FARGO, N.D. (AP) - A Texas man accused of distributing chemicals that ultimately resulted in the synthetic drug deaths of two teens in the Grand Forks, N.D., area has pleaded guilty.
Charles Carlton, of Katy, Texas, pleaded guilty Monday to three counts, including conspiracy to distribute controlled substances resulting in serious bodily injury and death. He faces life in prison.
Authorities say the chemicals sold by Carlton's company, Motion Resources LLC, were manufactured into hallucinogens and wound up in the hands of 18-year-old Christian Bjerk, of Grand Forks, and 17-year-old Elijah Stai, of Park Rapids, Minn. They died within a week of each other in June 2012.
The plea agreement calls for Carlton to forfeit $385,000 in drug proceeds.
Defense attorney Alexander Reichert declined comment after Monday's hearing.
Sentencing is scheduled for May 27.
MINNESOTA LEGISLATOR-NBA TWEET
Minnesota lawmaker apologizes for NBA tweet
ST. PAUL, Minn. (AP) - A Minnesota lawmaker is apologizing for his tweet about the NBA that was seen by some as racist.
Rep. Pat Garofalo, suggested in a tweet Sunday night that pro basketball players have criminal tendencies.
Garofalo's tweet said most NBA teams could fold and "nobody would notice a difference w /possible exception of increase in streetcrime."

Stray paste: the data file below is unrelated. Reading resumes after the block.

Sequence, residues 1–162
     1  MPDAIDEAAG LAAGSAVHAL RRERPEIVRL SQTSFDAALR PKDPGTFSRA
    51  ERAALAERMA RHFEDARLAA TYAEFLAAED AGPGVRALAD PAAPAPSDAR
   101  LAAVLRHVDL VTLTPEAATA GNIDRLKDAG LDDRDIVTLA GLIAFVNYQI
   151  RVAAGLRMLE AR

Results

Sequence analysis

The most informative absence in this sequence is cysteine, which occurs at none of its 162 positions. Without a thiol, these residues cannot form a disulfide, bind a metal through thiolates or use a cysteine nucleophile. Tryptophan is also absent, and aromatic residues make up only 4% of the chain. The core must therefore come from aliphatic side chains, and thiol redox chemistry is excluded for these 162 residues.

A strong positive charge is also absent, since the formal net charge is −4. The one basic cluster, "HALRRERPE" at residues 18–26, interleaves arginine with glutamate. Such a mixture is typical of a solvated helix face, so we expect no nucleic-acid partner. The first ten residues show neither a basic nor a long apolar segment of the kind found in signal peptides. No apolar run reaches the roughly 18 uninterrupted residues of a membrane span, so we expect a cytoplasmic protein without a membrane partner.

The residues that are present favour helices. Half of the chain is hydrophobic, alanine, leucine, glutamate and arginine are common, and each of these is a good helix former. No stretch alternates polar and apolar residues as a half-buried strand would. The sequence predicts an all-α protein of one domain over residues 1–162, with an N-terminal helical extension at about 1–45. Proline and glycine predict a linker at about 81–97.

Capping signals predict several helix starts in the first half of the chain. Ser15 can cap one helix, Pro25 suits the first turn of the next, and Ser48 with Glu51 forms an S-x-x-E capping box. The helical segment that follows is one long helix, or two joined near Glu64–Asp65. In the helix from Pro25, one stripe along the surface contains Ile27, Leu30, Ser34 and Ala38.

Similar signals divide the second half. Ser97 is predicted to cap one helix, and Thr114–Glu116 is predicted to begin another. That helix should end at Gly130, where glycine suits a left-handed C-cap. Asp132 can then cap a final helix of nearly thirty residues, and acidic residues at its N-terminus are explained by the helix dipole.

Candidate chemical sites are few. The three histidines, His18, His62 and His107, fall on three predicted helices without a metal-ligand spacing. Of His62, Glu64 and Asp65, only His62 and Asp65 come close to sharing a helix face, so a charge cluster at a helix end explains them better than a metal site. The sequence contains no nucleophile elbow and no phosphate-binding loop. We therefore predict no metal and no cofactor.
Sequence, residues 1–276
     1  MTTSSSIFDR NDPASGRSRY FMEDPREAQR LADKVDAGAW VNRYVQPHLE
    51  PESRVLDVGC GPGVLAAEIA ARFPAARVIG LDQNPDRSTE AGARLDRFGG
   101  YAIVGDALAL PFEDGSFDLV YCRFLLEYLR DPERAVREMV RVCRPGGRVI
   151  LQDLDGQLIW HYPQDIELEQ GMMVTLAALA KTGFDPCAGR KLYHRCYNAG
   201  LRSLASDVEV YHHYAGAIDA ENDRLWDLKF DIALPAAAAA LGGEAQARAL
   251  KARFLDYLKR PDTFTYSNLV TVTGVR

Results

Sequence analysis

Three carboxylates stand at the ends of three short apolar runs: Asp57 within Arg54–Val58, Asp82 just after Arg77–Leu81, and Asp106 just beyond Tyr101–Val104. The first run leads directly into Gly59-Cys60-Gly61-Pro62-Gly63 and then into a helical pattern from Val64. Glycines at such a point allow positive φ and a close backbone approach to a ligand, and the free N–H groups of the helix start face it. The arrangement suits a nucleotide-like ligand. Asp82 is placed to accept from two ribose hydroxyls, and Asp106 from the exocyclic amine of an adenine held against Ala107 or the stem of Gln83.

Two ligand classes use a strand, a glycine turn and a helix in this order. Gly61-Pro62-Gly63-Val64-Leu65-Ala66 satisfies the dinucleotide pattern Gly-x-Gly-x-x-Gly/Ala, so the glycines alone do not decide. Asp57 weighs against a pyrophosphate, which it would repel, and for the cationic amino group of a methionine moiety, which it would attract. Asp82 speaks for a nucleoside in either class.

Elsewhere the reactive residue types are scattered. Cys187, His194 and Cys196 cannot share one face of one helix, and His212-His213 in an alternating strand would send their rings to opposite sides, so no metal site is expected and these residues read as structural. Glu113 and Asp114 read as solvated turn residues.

Garofalo initially stuck by his words and said they were misinterpreted as racist. But late Monday morning, he put out a statement of apology.
Garofalo says the NBA has many examples of players and owners who are good role models.
Bill seeking more wolf study heads to committee
ST. PAUL, Minn. (AP) - Opponents of Minnesota's wolf hunt will take their case to state lawmakers this week.
The Senate Environment and Energy Committee takes up a bill Tuesday that would require the Department of Natural Resources to conduct an annual wolf census. The DNR would also have to sample public opinion on hunting wolves.
Wolf baiting would be banned within 10 miles of tribal lands and the DNR would have to produce a map that shows where wolves are a threat to livestock.
Howling for Wolves spokesman Maureen Hackett says the DNR needs to collect more data on wolf deaths and how the hunting season affects the overall population. Hackett says the hunt should be suspended until then.
GREAT LAKES-GRASS CARP
Study: Grass carp pose dangers for Great Lakes
TRAVERSE CITY, Mich. (AP) - A newly released scientific paper raises fresh concerns about the potential for grass carp to invade the Great Lakes and do significant damage.
The fight to prevent Asian carp from reaching the lakes has focused mostly on bighead and silver carp, which could unravel food chains because they gobble huge amounts of plankton.
Grass carp also come from Asia. They're used in many states to control aquatic weeds. But scientists say they wouldn't be good for the Great Lakes because they would eat plants needed for fish habitat.
The paper by researchers at the University of Notre Dame and other institutions says evidence shows grass carp could survive in all five Great Lakes. They say it appears some of the prolific fish are evading efforts to keep them from reproducing.